5 802. LAN architecture 802.: Channels, association B A Internet hub, switch or router A B 2 wireless host communicates with base station base station = access point (A) Basic ervice et (B) (aka cell ) in mode contains: wireless hosts access point (A): base station ad hoc mode: hosts only 6: Wireless and obile Networks b: 2.4GHz-2.485GHz spectrum divided into s at different frequencies A admin chooses frequency for A interference possible: can be same as that chosen by neighboring A! host: must associate with an A scans s, listening for beacon frames containing A s name (ID) and AC selects A to associate with may perform authentication will typically run DHC to get I in A s subnet 6: Wireless and obile Networks 68 IEEE 802.: multiple access avoid collisions: 2 + nodes transmitting at same time 802.: CA - sense before transmitting don t collide with ongoing transmission by other node 802.: no collision detection! difficult to receive (sense collisions) when transmitting can t sense all collisions in any case: hidden terminal, fading goal: avoid collisions: CA/C(ollision)A(voidance) A C B A B C A s signal C s signal IEEE 802. AC rotocol: CA/CA 802. sender if sense idle for DIF then transmit entire frame (no CD) 2 if sense busy then start random backoff time timer counts down while idle transmit when timer expires if no ACK, increase random backoff interval, repeat receiver - if frame received OK return ACK after IF DIF sender data ACK receiver IF space 6: Wireless and obile Networks 69 6: Wireless and obile Networks 6-20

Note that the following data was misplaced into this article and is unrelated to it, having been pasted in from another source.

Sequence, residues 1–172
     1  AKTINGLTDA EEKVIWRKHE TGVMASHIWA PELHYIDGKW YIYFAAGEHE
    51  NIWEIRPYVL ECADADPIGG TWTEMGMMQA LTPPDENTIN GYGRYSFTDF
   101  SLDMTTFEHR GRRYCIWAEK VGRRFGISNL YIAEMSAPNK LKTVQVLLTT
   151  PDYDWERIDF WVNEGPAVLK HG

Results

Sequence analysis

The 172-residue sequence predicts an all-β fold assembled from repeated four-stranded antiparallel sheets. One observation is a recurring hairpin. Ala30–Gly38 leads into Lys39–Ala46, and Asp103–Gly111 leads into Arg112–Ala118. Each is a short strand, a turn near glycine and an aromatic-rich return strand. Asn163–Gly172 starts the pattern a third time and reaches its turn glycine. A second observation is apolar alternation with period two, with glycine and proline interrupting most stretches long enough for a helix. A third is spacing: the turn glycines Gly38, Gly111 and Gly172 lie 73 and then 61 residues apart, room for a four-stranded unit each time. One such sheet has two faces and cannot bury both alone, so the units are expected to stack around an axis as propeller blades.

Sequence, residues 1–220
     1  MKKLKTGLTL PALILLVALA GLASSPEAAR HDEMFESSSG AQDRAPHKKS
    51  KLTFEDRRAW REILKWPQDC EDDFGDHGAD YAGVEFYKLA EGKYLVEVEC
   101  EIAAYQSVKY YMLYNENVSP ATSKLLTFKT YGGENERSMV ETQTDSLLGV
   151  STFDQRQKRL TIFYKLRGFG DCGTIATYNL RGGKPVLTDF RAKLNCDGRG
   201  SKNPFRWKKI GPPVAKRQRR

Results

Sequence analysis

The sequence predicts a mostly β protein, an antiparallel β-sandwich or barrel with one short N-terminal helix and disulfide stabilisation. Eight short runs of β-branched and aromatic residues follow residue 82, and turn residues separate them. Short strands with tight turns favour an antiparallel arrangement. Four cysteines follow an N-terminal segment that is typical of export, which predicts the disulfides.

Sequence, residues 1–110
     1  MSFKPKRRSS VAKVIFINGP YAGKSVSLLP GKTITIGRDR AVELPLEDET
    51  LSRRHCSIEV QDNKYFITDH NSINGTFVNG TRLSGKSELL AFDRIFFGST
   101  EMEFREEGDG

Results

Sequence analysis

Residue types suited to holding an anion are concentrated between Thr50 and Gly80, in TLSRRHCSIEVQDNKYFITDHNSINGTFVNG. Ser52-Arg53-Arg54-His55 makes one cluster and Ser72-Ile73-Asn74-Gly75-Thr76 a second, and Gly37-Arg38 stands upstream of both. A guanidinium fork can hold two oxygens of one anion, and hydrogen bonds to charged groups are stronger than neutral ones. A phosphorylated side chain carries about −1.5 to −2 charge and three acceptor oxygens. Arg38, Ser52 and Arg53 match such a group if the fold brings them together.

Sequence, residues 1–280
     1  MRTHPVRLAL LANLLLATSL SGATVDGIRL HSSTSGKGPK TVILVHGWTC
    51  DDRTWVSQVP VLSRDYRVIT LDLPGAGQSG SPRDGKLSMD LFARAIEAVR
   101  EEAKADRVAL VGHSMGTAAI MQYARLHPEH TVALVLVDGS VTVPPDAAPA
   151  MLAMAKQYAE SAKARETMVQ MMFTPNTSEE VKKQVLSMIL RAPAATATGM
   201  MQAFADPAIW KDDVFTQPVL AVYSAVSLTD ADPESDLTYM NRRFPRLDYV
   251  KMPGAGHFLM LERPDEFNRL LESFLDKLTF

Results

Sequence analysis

6 Avoiding collisions (more) Collision Avoidance: RT-CT exchange idea: allow sender to reserve rather than random access of data frames: avoid collisions of long data frames sender first transmits small request-to-send (RT) packets to B using CA RTs may still collide with each other (but they re short) B broadcasts clear-to-send (CT) in response to RT CT heard by all nodes A RT(A) RT(A) CT(A) A reservation collision CT(A) B RT(B) sender transmits data frame other stations defer transmissions DATA (A) defer Avoid data frame collisions completely using small reservation packets! time ACK(A) ACK(A) 6: Wireless and obile Networks 6-2 6: Wireless and obile Networks frame: ing 802. frame: ing frame duration 2 3 seq 4 payload CRC H R router Internet A Address : AC of wireless host or A to receive this frame Address 2: AC of wireless host or A transmitting this frame Address 3: AC of router interface to which A is attached R AC addr A AC addr dest. source frame A AC addr H AC addr R AC addr frame 6: Wireless and obile Networks : Wireless and obile Networks 6-24

7 802. frame: more 802.: mobility within same subnet frame duration of reserved transmission time (RT/CT) duration 2 3 seq frame seq # (for reliable ARQ) 4 payload CRC rotocol To From ore ower ore Type ubtype Retry WE Rsvd version A A frag mgt data H remains in same I subnet: I can remain same switch: which A is associated with H? self-learning (Ch. 5): switch will see frame from H and remember which switch port can be used to reach H BB A router hub or switch A 2 H BB 2 frame type (RT, CT, ACK, data) 6: Wireless and obile Networks : Wireless and obile Networks : personal area less than 0 m diameter replacement for cables (mouse, keyboard, headphones) ad hoc: no master/slaves: slaves request permission to send (to master) master grants requests 802.5: evolved from Bluetooth specification GHz radio band up to 72 kbps aster device lave device radius of coverage arked device (inactive) 6: Wireless and obile Networks 6-27